The migrant crisis in Europe that followed the wars in Libya and Syria exposed the Mediterranean world’s long-dormant interconnectedness. That unity is deeply rooted in the geography of the region.more

All Quiet on the Middle Eastern Front

September 13, 2017,

The consequences of the war in Syria; the military opportunism displayed across the region by Iran; and the ploys by China and Russia to chip away at American global standing lost through President Obama’s “strategic patience” bode major foundational shifts in the power equations of the Middle East. The Chinese and Russians are openly pursuing the objective of establishing a multipolar international system. Vigilance and careful preparation are needed to face the coming upheaval.more

The Indian-Chinese Conflict: Is It Really Heating Up?

September 12, 2017,

On July 24, 2017, China warned India “not to push its luck” – the latest salvo in a long-running border conflict. India wants the Chinese to stop construction of a road to the “chicken’s neck”: the Doklam plateau in the Himalayan mountain ridge between China and the Kingdom of Bhutan, India's close ally. This narrow strip of land connects China to northeastern India. The Chinese road, if completed, could ultimately threaten India and would represent a major strategic advantage for the Chinese.more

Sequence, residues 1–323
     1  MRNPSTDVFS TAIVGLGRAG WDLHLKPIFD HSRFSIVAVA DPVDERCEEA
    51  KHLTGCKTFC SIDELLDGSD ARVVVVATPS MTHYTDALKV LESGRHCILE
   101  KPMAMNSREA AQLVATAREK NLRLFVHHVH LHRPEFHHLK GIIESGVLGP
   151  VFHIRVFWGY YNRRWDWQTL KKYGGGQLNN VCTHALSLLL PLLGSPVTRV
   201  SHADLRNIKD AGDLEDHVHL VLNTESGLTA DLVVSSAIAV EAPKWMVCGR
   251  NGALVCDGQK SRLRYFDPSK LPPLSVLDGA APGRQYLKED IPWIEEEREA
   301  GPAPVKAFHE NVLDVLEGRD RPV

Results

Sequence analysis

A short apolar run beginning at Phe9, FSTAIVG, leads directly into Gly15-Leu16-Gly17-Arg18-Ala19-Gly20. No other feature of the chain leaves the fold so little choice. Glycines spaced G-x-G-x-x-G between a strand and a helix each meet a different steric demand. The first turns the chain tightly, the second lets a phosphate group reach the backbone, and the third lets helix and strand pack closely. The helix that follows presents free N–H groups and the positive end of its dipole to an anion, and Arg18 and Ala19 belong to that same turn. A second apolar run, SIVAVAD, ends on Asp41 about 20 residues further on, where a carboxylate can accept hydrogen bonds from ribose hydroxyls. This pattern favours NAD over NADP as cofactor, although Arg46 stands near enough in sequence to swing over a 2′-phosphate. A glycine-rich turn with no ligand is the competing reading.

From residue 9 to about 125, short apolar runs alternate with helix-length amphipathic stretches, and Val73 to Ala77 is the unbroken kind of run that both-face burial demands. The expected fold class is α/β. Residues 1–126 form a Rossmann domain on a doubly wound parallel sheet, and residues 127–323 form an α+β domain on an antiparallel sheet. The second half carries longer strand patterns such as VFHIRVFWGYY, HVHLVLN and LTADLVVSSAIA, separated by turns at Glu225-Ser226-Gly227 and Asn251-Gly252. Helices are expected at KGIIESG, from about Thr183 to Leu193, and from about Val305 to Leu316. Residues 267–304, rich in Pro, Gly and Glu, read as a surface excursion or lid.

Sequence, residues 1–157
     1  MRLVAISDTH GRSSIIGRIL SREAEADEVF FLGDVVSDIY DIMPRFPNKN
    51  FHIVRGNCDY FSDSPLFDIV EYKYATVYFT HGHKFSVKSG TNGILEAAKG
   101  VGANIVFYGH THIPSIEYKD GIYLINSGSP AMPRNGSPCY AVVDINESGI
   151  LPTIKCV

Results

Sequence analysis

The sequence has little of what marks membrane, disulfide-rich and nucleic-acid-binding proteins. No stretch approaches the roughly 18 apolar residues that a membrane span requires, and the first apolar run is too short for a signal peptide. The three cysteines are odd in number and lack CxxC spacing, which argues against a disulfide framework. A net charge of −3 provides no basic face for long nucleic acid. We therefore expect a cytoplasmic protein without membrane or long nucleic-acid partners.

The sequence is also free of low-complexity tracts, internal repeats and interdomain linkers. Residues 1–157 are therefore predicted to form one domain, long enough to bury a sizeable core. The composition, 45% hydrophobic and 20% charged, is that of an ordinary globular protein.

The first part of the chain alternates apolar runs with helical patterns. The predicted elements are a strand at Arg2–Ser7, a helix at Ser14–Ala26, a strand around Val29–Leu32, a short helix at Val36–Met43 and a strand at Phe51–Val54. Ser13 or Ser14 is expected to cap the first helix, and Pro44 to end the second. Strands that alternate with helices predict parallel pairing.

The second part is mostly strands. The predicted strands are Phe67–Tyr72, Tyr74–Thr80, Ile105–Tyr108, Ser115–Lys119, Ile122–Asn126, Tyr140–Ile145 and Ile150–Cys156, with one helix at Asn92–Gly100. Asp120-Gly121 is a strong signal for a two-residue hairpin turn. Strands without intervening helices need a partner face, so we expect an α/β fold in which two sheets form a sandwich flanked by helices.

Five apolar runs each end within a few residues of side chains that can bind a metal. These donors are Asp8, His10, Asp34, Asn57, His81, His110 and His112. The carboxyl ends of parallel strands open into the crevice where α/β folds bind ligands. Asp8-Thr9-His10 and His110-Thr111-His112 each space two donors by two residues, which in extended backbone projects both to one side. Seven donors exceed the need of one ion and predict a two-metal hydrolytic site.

The Ebbing of Warfare in Syria Will Spell Catastrophe for Europe

Europe, reeling from successive waves of refugees and migrants, desperately needs the end of the Syrian civil war, which for the first time seems in the offing. But the emerging peace will only increase the emigration.more

What’s On a Muslim Refugee’s Mind?

September 10, 2017,

Almost all the “poor” illegal migrants on the Greek islands want to go to Germany, where they have heard from friends and relatives that they will be the best paid for being refugees. The cliché “the-poor-souls-are-fleeing-war-in-their-native-country” is becoming less and less convincing by the day. True, most Syrians fled to Turkey after the start of civil war in their country. But is flight from war their motivation as they proceed onwards to Greece, Serbia, Hungary, and Austria?more

A Different Perspective on the Temple Mount Crisis

Moderate leaders warn that the Israeli-Palestinian conflict may turn from a national conflict into a religious one. Right-wing leaders claim it has been a religious conflict from the start. Both approaches have been applied to the Temple Mount crisis, and both are affected by a totalist perception of the understanding of the religious imperative.more